It’s tough, because your tax bill inches up that year and that’s scary, but in the long run it was worth it to be able to make the home investment we wanted and needed for our family. Definitely consider planning to take less business tax deductions when the time comes!

Taking Advantage of Home Office Expenses

Now owning a home with an additional room for a home office, we’re able to count some of our home renovation and repair expenses as business deductions. First step in doing this is measuring out the square footage of our business-dedicated space. Then determine what percentage that it is of your total square footage. Renovation expenses for the portion you will use strictly for business can be deducted based on the percentage of space used for your home office. So if you replace your floors (raises hand), air conditioning (raises hand), roof (raises hand), anything that affects that home office space counts.  Also, If you use part of your home regularly for your business, you can claim a home office deduction for utilities, rent, mortgage interest, depreciation, cleaning and the like based on the square footage of your home used for your business.

In addition, any furniture or equipment you buy to outfit your home office can be written off. That means computers, furniture, decor and more! If it goes in the office for business-use and stays there, it counts!

Being Treated as an S-Corp

Declaring our business an LLC treated as an S-Corp was the biggest game changer for our business and I only wish someone had told me about it sooner. It helped reduce our tax burden immensely. It does get a bit complex to explain, but essentially instead of incurring self-employment tax on ALL the income your business brings in, you only incur it on the reasonable salary you give yourself. Studio DIY makes a LOT more than I actually pay myself so it makes a really big difference as your business starts to grow. It’s not right for everyone or every business but I cannot stress enough how much I encourage you to talk to your TurboTax Live tax expert about your options there.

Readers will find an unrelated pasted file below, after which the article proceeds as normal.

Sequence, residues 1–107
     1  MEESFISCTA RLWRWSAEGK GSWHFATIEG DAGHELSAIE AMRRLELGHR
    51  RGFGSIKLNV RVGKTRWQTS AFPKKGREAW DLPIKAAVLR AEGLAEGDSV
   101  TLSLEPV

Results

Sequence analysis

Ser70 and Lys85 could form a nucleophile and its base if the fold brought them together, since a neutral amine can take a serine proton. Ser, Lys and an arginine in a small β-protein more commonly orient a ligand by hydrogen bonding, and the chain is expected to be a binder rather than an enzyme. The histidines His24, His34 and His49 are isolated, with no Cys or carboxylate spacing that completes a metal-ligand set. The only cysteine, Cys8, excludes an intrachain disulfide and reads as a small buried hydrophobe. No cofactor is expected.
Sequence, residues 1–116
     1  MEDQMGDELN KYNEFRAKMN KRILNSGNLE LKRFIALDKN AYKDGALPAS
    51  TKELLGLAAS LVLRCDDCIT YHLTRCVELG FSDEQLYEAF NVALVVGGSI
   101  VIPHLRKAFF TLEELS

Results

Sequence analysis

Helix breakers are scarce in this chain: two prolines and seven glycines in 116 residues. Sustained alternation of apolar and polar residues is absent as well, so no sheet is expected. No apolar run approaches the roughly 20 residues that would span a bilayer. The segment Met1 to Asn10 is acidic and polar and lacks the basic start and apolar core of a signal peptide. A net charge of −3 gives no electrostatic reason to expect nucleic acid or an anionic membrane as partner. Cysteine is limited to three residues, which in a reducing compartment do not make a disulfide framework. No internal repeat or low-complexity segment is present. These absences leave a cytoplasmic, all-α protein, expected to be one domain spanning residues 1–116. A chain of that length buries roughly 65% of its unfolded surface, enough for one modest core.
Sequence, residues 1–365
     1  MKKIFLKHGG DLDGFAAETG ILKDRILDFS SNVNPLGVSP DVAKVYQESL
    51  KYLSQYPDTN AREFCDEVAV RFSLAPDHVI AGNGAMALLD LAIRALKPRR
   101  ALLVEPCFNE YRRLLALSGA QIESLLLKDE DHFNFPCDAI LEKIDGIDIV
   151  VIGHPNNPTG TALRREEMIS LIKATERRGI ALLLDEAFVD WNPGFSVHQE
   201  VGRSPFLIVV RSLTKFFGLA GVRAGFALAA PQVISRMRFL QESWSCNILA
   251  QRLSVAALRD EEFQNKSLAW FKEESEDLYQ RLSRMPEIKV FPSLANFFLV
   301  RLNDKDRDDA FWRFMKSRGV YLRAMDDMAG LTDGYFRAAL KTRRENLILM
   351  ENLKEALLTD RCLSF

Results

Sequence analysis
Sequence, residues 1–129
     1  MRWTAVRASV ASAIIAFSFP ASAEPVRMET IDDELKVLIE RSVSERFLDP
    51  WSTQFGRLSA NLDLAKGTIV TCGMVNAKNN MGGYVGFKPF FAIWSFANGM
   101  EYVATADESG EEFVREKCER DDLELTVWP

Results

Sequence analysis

Understanding the Adoption Tax Credit

This one is less about entrepreneurs, but I’m throwing it in here because it’s a big part of our life right now and something that can be confusing. The IRS grants every adoptive family an adoption tax credit per child to help offset how expensive it is. Depending on the type of your adoption, and how your expenses are spread out, WHEN you can claim the credit varies. For us, since our expenses are spread out over three years, but our adoption still isn’t finalized, we’ll be able to take the credit for the expenses we incurred in 2016 on our 2017 return. We’ll be able to claim the remainder of the credit in the tax year following the year of finalization, which for us will (hopefully) be 2019. It does work differently for international adoption and special needs adoptions so be sure to talk with a tax expert to understand how and when you can claim your credit.

The Entrepreneur's Guide to Tax Season

Photos by Jeff Mindell

I’m so glad you all have enjoyed this series. Businesses finances and taxes are one of those topics that can be scary and not often talked about, so I enjoyed sharing what I’ve learned, and learned a lot more myself in this process!! ‘Tis the season so be sure to pop over to TurboTax Live and get a head start!!

This post was created in partnership with TurboTax. All content and opinions are that of my own! Thank you for supporting the sponsors that keep the Studio DIY party going! Read more about my editorial policies here.

This is a sponsored conversation written by me on behalf of TurboTax. The opinions and text are all mine.

2 comments

  • Lauree

    Regarding taxes, were you able to use any of the IVF costs from previous years as a deduction?

  • Indya

    I’m not sure if this is a personal question or not, but is there a reason adoptions take so long to finalise? And what does it mean when it’s not finalised, but you already have the child in question? It all sounds so scary! I hope Arlo’s adoption is finalised soon so you don’t have to worry about it.